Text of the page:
Bhatpara, is one of the most prominent names in the existing map of communal conflicts in West Bengal. Over the years, through various published and unpublished studies, AAMRA has noted that settlements near the Jute-mills along the river Hooghly are quite prone to communal polarisation and identity-led conflicts. This is a study of exploring identity consolidation in and around Bhatpara region through a series of fieldworks. This study unravels the complex politics-identity interface through intensive study of facts and artefacts. We have intentionally kept some of the raw data in the report, as there are more inconclusive questions than answers, as to what actually happened in Bhatpara over the years. There are multiple narratives, perspectives and dimensions to each of the conflicts that have rocked the political and everyday spectrum of West Bengal. This is part 3 of the report. To read Part 1 click here, to read Part 2 click here and to read part three click here.
One comes to know what has happened. People usually collect information from media and political parties, but that information remains partial. In the area where people are highly polarized and where violence can erupt anytime, it was difficult to talk freely with anybody, and particularly to those who lost their family members in the violence. We planned to talk with the deceased’s family to better understand the different reasons and circumstances of their death.
Conversation with deceased Md. Halim’s wife and her youngest son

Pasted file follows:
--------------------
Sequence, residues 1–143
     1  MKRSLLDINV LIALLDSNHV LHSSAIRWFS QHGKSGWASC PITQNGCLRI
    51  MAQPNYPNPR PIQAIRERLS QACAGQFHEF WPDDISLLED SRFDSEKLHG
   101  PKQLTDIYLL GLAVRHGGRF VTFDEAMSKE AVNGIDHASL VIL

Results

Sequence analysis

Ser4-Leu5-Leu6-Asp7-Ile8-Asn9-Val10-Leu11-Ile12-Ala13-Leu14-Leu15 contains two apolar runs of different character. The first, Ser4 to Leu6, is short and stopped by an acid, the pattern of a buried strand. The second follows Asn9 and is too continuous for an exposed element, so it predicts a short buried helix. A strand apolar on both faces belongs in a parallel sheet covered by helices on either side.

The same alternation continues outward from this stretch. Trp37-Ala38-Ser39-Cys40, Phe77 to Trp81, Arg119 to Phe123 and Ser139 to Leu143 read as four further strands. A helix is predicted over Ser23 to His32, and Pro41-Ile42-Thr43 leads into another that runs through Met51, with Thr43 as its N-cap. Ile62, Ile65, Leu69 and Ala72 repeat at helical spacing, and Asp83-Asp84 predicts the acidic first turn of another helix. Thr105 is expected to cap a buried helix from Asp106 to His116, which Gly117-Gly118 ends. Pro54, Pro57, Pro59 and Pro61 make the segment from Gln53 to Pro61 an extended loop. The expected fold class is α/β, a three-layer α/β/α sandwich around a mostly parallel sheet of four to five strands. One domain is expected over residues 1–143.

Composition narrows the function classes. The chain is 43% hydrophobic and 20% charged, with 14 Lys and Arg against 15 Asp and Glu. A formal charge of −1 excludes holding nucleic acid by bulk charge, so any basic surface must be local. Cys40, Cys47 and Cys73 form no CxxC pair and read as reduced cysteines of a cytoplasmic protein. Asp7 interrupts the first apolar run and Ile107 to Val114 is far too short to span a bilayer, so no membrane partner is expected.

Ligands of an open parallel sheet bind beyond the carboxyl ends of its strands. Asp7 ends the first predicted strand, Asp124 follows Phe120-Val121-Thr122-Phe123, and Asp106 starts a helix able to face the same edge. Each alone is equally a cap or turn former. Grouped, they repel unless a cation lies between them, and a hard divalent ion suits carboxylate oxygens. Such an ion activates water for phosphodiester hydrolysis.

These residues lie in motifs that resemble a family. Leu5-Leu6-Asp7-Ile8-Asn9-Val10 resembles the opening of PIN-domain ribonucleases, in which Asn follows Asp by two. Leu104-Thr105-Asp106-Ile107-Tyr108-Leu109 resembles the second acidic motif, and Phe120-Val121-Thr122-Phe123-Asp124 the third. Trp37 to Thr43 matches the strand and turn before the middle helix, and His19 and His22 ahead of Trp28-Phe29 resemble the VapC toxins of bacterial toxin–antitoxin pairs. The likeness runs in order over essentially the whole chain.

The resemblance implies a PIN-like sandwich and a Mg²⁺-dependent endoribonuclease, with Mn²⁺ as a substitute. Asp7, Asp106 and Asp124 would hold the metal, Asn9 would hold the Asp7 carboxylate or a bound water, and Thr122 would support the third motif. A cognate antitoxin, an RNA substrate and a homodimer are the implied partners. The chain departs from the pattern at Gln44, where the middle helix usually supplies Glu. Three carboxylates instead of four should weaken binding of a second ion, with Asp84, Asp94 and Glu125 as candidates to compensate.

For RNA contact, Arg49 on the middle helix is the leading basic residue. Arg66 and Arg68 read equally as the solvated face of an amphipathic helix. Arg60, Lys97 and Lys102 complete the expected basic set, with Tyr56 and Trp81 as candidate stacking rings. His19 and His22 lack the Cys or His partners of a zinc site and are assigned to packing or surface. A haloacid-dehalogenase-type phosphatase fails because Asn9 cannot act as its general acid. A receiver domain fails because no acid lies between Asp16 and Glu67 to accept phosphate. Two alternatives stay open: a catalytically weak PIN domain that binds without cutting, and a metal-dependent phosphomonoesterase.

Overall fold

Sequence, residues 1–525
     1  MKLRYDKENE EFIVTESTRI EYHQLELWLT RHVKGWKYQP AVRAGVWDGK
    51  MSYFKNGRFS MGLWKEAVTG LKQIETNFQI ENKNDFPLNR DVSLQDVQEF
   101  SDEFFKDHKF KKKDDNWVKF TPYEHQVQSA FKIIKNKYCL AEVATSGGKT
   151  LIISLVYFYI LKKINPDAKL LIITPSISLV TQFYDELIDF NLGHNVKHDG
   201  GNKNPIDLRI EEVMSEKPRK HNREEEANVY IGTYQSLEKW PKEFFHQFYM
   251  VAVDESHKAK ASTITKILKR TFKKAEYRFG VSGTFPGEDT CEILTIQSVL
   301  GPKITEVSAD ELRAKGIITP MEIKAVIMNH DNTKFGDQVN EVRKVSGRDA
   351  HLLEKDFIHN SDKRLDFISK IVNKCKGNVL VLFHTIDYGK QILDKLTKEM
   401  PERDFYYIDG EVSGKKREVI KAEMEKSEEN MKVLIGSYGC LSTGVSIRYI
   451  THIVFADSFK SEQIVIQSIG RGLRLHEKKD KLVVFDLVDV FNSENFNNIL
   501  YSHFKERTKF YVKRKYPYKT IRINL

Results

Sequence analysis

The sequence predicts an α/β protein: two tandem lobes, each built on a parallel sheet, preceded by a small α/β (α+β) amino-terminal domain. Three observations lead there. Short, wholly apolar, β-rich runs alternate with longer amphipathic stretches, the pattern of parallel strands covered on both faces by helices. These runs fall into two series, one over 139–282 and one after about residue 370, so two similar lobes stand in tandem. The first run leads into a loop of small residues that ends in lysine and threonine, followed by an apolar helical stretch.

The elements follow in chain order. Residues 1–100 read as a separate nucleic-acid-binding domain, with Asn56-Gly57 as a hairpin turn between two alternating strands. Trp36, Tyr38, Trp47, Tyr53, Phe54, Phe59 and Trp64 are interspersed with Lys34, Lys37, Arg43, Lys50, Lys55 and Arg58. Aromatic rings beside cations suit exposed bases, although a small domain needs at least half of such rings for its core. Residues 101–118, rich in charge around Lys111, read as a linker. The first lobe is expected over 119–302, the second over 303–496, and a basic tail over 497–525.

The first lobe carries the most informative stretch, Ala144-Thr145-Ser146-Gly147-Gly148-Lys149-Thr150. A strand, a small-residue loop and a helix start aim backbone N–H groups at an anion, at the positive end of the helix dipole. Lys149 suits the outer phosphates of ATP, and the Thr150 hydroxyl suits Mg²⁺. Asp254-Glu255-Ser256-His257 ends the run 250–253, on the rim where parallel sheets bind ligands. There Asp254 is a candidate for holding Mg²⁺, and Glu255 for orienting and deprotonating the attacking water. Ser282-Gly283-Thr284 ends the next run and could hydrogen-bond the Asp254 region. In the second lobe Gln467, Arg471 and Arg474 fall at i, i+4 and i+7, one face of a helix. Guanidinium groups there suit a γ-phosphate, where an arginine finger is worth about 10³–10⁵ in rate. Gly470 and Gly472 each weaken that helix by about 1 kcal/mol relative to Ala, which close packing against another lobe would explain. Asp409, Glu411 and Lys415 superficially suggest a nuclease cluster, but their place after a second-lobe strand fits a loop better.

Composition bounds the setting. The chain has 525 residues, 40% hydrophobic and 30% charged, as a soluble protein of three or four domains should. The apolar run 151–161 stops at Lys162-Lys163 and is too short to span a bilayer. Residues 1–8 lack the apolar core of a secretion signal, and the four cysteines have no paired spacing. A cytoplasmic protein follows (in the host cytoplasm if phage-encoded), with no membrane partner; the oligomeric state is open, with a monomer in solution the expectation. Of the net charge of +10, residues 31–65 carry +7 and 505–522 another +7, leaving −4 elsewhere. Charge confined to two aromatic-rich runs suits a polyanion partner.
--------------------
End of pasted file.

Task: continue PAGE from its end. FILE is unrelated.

When we appeared at their door they were inside of their house. It was a lonely afternoon. Rubi Parvin, widow of deceased Md. Halim and their younger son Tabrej Alam were introduced to us by Kamaruddin. Only two persons on behalf of AAMRA talked with them.
AAMRA: We have come to ask you some questions. We didn’t come during the violence because we knew that was not the right time to ask questions. It’s important that one understands the pain of losing your near ones. Anyways, can you let us know what happened on that day?
Rubi: This is happening for quite some time now. Always four or five people will come. They will charge bombs, and threaten us. On 23rd they set fire in one of the houses. We could not identify them because they were concealing their faces under black cloth. However, the situation improved as the festive season was over. We usually sat just outside our home, mostly, we stayed inside since the situation was never completely peaceful. On that day, we were sitting outside. My husband has a heart disease and he needed some open air. So, me, two kids, and my nephew were sitting there. Suddenly someone threw a bomb. There was fire, smoke and a huge sound. I have never experienced something like that ever in my life. I do not know who charged the bomb. However, it is clear that someone did that from a close proximity but I could not see him. My husband was hit on his head and he fell down. That moment I could not even see if my kids were alright! I was also injured but I didn’t feel anything at that moment. I immediately ran to pull him, only to see that his head was split up into three or perhaps four pieces. I lost my consciousness. People came to rescue us and when I regained consciousness I came to know that my husband had died. This is what we know. I was admitted to the hospital for a couple of days. I was admitted on the 12th at Apollo. Kids were admitted to the National Medical College Hospital. The elder one was injured on his stomach and on his leg. My younger son has lost his eyesight.